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Wherein necessity, of matter beggar'd,
Will nothing stick our person to arraign
In ear and ear. O my dear Gertrude, this,
Like to a murdering piece, in many places
Gives me superfluous death. (A noise within.)
Alack! what noise is this!
Enter a Gentleman.


King. Attend: Where are my Switzers? Let them guard the door: What is the matter?

Gent. Save yourself, my lord; The ocean, overpeering of his list, Eats not the flats with more impetuous haste, Than young Laertes, in a riotous head, O'erbears your officers! The rabble call him, lord; And, as the world were now but to begin, Antiquity forgot, custom not known, The ratifiers and props of every word, They cry, Choose we; Laertes shall be king! Caps, hands, and tongues, applaud it to the clouds, Laertes shall be king, Laertes king!

Queen. How cheerfully on the false trail they cry!
O, this is counter, you false Danish dogs.
King. The doors are broke. (Noise within.)
Enter LAERTES, armed; Danes following.
Laer. Where is this king?-Sirs, stand you all
I pray you, give me leave.

Dan. No, let's come in.
Dan. We will, we will.

(They retire without the door.) Laer. I thank you:-keep the door. O thou Give me my father. [vile king, Queen. Calmly, good Laertes. Laer. That drop of blood, that's calm, proclaims

me bastard;

Cries, cuckold, to my father; brands the harlot Even here, between the chaste unsmirched brow Of my true mother.

King. What is the cause, Laertes, That thy rebellion looks so giant-like?Let him go, Gertrude; do not fear our person; There's such divinity doth hedge a king, That treason can but peep to what it would, Acts little of his will.-Tell me, Laertes, Why thou art thus incens'd?-Let him go, GerSpeak, man.

[trude ;

Laer. Where is my father? King.


But not by him. [with


Queen. King. Let him demand his fill. Laer. How came he dead? I'll not be juggled To hell, allegiance! vows, to the blackest devil! Conscience, and grace, to the profoundest pit! I dare damnation: To this point I stand,That both the worlds I give to negligence, Let come what comes; only I'll be reveng'd Most throughly for my father.


Who shall stay you? Laer. My will, not all the world's: And, for my means, I'll husband them so well, They shall go far with little.


Good Laertes,

If you desire to know the certainty Of your dear father's death, is't writ in your revenge,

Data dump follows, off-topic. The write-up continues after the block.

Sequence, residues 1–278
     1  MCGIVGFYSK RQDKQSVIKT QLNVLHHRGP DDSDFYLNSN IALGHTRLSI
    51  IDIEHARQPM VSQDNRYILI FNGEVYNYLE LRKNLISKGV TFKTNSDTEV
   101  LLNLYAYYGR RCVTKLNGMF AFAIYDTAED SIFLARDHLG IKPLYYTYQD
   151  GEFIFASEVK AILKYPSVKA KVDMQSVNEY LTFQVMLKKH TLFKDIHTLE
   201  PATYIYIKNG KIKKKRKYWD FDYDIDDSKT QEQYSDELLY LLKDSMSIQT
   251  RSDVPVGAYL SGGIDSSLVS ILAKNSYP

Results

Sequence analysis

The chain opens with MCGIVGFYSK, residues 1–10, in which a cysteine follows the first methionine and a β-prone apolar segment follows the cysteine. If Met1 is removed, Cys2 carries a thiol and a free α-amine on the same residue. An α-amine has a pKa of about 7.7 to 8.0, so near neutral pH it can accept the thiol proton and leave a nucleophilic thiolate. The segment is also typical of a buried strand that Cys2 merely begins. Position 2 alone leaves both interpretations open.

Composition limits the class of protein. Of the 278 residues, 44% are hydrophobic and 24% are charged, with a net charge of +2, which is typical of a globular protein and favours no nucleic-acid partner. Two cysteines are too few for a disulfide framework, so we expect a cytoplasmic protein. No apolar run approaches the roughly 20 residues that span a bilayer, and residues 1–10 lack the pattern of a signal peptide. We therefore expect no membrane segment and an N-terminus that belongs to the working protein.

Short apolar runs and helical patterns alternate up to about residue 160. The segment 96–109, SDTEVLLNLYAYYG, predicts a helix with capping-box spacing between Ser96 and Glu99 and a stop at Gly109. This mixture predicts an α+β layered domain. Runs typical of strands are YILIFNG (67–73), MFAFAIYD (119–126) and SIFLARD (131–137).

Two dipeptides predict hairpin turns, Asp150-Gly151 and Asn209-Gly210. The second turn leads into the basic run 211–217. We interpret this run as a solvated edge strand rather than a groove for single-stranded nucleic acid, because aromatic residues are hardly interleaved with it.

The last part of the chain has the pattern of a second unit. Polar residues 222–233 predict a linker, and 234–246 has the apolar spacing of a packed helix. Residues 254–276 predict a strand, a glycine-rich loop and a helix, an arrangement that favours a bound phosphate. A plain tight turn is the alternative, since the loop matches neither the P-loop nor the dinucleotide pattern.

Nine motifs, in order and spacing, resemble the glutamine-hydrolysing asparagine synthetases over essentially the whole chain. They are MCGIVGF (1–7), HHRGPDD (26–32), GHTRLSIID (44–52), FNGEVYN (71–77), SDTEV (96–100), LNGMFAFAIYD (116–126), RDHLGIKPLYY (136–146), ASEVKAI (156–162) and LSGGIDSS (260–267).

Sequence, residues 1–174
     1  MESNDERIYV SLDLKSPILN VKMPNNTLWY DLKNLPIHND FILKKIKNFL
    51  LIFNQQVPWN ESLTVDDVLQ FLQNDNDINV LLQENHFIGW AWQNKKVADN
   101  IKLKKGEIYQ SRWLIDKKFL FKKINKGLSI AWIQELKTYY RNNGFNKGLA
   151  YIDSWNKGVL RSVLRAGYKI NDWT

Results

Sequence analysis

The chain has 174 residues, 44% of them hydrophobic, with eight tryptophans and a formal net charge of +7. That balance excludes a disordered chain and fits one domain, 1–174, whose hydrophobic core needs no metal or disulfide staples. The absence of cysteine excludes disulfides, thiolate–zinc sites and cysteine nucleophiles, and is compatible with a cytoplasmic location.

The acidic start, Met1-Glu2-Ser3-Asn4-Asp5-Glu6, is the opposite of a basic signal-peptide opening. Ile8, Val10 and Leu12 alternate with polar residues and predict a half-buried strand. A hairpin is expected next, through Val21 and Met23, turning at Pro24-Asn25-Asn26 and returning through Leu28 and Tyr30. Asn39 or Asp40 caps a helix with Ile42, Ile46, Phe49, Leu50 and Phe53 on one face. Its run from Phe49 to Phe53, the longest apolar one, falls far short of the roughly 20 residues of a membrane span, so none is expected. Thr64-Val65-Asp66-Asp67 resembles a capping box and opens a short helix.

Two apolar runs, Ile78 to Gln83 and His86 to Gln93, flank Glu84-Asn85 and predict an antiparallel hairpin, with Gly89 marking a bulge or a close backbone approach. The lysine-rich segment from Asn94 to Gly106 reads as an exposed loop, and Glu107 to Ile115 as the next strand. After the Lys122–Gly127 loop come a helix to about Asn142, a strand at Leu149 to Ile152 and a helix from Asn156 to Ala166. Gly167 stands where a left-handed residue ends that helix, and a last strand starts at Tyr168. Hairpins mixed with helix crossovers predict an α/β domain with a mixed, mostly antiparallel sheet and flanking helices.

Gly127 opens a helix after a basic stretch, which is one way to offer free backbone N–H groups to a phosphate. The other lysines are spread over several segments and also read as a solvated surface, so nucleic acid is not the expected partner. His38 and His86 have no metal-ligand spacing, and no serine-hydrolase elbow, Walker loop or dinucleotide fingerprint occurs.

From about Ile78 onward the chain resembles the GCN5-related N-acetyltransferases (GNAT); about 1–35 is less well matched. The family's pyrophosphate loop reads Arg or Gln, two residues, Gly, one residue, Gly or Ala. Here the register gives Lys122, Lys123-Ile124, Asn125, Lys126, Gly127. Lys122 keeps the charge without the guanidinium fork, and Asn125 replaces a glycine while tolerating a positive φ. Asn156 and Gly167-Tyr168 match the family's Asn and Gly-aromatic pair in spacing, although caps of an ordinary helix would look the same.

That, sweepstake, you will draw both friend and
Winner and loser?

Laer. None but his enemies.
Will you know them then?
Laer. To his good friends thus wide I'll ope my


And, like the kind life-rend'ring pelican,
Repast them with my blood.

Why, now you speak
Like a good child, and a true gentleman.
That I am guiltless of your father's death,
And am most sensibly in grief for it,
It shall as level to your judgment 'pear,
As day does to your eye.

Danes. (Within.) Let her come in.
Laer. How now! what noise is that?

Enter OPHELIA, fantastically dressed with stran and flowers.

O heat, dry up my brains! tears, seven times salt,
Burn out the sense and virtue of mine eve!-
By heaven, thy madness shall be paid with weight,
Till our scale turn the beam. O rose of May!
Dear maid, kind sister, sweet Ophelia !—
O heavens! is't possible, a young maid's wits
Should be as mortal as an old man's life?
Nature is fine in love: and, where 'tis fine,
It sends some precious instance of itself
After the thing it loves.

Oph. They bore him barefac'd on the bier;
Hey no nonny, nonny hey nonny :
And in his grave rain'd many a tear;—
Fare you well, my dove!
Laer. Hadst thou thy wits, and didst persuade
It could not move thus.

Oph. You must sing, Down a-down, an you call him a-down-a. O, how the wheel becomes it! It is the false steward, that stole his master's daughter. Laer. This nothing's more than matter.

Oph. There's rosemary, that's for remembrance; pray you, love, remember: and there is pansies,

that's for

Laer. A document in madness; thoughts and remembrance fitted.

Oph. There's fennel for you, and columbines:there's rue for you; and here's some for me :—ve may call it, herb of grace o'Sundays:-you may wear your rue with a difference.-There's a daisy all, when my father died:-They say, he made a -I would give you some violets; but they withered good end,

For bonny sweet Robin is all my joy,—(Sings.) Laer. Thought and affliction, passion, hell itself, She turns to favour, and to prettiness. Oph. And will he not come again? And will he not come again? No, no, he is dead,


Go to thy death-bed,
He never will come again.
His beurd was as white as snow,
All flaxen was his poll:

He is gone, he is gone,
And we cast away moan;
God'a mercy on his soul!

And of all christian souls! I pray God. God be wi' you! [Exit Ophelia

Laer. Do you see this, O God!

King. Laertes, I must commune with your grief, Or you deny me right. Go but apart, Make choice of whom your wisest friends you wil, And they shall hear and judge 'twixt you and me: If by direct or by collateral hand

Our crown, our life, and all that we call ours,
They find us touch'd, we will our kingdom give,
To you in satisfaction; but, if not,

Be you content to lend your patience to us,
And we shall jointly labour with your soul,
To give it due content.

Let this be so; His means of death, his obscure funeral,— No noble rite, nor formal ostentation,No trophy, sword, nor hatchment, o'er his bones,

Cry to be heard, as 'twere from heaven to earth,
That I must call't in question.

And, where the offence is, let the great axe fall.
So you shall;
I pray you, go with me.